Subsidizing agricultural companies to make ethanol from corn was one of several key compromises that allowed Democrats to pass the climate bill through the House last week.
Subsidizing agricultural companies to make ethanol from corn was one of several key compromises that allowed Democrats to pass the climate bill through the House last week. iStockphoto.com
Legislation to slow climate change rolled into the Senate this week and almost immediately ground to a halt.
After two days of hearings, Democratic leaders agreed to mothball the measure until September. They blamed a full schedule on health care reform and the president's Supreme Court nominee for the delay.
But it was clear from its brief moment in the spotlight that the climate bill, which puts a national cap on emissions of greenhouse gases, faces withering opposition from Republicans. They say it will cost consumers too much and hurt American business. Bill backers say it will create a new green economy and is necessary to avoid devastating climate change.
At a hearing before the Environment and Public Works committee, GOP Sen. Kit Bond of Missouri let fly from the start. "I think the American people and certainly my Missouri constituents deserve to know how the legislation we consider will impose new energy taxes on them, kill their jobs, punish the Midwest and South, help China and India, and construct a new bureaucratic nightmare to implement a carbon cap-and-trade program."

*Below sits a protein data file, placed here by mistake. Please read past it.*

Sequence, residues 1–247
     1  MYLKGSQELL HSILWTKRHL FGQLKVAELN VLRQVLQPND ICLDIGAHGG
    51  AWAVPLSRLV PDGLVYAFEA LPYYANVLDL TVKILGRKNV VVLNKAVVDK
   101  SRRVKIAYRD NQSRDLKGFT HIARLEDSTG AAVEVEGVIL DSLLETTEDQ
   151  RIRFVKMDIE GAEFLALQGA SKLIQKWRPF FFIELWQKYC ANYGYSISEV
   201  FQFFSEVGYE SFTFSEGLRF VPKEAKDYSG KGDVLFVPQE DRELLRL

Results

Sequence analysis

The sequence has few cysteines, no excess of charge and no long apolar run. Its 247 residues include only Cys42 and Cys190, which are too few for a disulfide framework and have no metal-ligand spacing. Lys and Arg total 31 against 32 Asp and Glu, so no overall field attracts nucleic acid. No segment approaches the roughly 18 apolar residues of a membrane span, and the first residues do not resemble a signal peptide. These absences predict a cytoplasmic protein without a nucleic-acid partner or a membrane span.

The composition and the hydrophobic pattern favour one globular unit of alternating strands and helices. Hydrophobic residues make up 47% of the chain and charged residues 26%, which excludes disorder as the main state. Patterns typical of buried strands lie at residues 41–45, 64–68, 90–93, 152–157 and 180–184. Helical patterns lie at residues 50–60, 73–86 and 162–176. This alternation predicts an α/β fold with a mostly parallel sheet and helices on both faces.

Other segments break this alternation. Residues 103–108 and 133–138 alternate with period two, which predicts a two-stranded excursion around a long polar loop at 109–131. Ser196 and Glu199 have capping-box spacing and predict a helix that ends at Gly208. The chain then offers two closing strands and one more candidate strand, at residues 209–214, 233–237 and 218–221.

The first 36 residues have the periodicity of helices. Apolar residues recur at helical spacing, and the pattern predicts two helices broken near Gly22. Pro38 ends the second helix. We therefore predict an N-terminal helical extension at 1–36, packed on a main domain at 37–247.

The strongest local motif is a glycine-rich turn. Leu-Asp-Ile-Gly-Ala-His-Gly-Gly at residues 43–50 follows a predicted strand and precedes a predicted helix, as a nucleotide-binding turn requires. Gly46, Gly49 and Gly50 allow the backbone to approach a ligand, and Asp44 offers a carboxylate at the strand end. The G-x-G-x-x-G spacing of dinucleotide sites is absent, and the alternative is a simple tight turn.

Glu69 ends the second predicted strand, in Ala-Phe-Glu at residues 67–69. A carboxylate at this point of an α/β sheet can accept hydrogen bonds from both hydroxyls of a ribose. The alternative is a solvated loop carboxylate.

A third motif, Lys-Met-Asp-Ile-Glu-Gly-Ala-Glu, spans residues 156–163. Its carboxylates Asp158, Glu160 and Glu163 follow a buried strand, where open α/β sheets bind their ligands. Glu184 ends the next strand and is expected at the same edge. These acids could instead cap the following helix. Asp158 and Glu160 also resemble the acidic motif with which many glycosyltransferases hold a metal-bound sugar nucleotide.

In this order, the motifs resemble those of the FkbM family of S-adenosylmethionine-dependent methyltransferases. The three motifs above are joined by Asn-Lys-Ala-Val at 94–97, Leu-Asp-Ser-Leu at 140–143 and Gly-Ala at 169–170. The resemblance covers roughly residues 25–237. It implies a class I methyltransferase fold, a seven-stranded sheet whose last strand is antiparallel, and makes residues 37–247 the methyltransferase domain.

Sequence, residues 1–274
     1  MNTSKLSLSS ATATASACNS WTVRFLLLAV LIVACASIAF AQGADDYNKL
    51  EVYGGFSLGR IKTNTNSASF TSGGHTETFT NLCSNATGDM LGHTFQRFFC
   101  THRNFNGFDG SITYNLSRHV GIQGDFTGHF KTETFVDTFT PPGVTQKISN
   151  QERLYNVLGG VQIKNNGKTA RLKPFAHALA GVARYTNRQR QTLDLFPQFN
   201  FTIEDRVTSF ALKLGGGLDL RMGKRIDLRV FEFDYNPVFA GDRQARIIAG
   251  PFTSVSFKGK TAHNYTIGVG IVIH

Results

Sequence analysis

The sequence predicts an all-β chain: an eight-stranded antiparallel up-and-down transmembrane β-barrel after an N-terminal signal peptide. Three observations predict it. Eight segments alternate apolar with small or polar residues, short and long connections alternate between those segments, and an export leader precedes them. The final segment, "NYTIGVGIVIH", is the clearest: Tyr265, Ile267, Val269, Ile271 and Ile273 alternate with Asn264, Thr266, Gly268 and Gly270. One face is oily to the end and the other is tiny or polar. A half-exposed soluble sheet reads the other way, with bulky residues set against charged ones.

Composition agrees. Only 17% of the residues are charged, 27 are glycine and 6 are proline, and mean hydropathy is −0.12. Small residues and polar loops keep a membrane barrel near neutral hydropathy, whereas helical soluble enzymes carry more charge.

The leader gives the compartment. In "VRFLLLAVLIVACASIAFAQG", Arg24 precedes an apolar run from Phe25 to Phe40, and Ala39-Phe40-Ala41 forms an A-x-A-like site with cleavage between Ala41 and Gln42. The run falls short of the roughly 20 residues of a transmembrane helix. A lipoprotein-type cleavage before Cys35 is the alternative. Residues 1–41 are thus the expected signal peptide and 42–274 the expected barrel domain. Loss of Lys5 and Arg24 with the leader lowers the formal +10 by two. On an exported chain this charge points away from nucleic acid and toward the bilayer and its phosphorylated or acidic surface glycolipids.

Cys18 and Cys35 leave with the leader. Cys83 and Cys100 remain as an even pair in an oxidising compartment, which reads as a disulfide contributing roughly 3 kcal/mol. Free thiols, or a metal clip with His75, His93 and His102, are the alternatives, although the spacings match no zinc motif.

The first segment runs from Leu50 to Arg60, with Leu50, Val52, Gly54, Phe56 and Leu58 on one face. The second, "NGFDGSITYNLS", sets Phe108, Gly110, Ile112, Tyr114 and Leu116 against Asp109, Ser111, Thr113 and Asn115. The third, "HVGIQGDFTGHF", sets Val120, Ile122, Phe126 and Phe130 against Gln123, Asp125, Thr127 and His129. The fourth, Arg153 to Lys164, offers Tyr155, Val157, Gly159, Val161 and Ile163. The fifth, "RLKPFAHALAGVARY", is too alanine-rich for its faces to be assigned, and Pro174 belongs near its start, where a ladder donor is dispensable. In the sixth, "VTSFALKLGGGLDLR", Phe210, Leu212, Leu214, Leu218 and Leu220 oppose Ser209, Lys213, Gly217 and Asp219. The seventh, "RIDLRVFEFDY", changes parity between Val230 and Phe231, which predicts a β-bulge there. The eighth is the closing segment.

Opponents are especially worried about how the climate bill would raise energy prices and thus prices on most goods manufactured in the Unied States. Republican Sen. Jim Bunning of Kentucky told witnesses from the Obama administration, who testified that the bill is necessary to curb global warming, "I have more than once pointed out that any action to reduce U.S. greenhouse gas emissions will be pointless unless there are similar limits on emissions in China, India, Russia and other countries."
China recently passed the U.S. as the world's leading emitter of greenhouse gases, and India is not far behind. They say they will not lower emissions unless the U.S. does first.
Deal-making is the only way Democratic backers of the bill will be able to muster the 60 votes to pass the climate measure and hold off a filibuster from opponents. Several senators made it clear they want to see more help for new nuclear power plants, which do not emit greenhouse gases. Agricultural interests run strong in the Senate; every senator has farmers among his or her constituents, unlike in the House, where urban districts don't include many farm interests. So the bill is likely to see concessions to soften the blow of higher fuel and fertilizer costs, and perhaps include more federal aid for making ethanol from corn.
There's a legion of lobbyists and advocacy groups keeping track of these senatorial wish lists. Lisa Jacobson is one, from the Business Council for Sustainable Energy, which represents green companies and favors the bill.
"Some states are more resource-rich in coal," says Jacobson. "Others are the Saudi Arabia of wind energy, or they have strong solar resources." Each will want the bill to include a slice of the energy pie for its home-state businesses. Jacobson adds that the hobbled economy is also shaping the demands senators are making; Midwestern states are particularly hard hit by unemployment.
So Barbara Boxer, the California Democrat who is shepherding the bill through the Senate, is promising that it will subsidize green energy technologies and thereby create new jobs.
Lobbyists and energy analysts calculate that about two dozen senators are on the fence right now. Bill supporters say they'll need to capture over half of them to get the votes to pass the bill. With the postponement, they'll have the rest of the summer to try.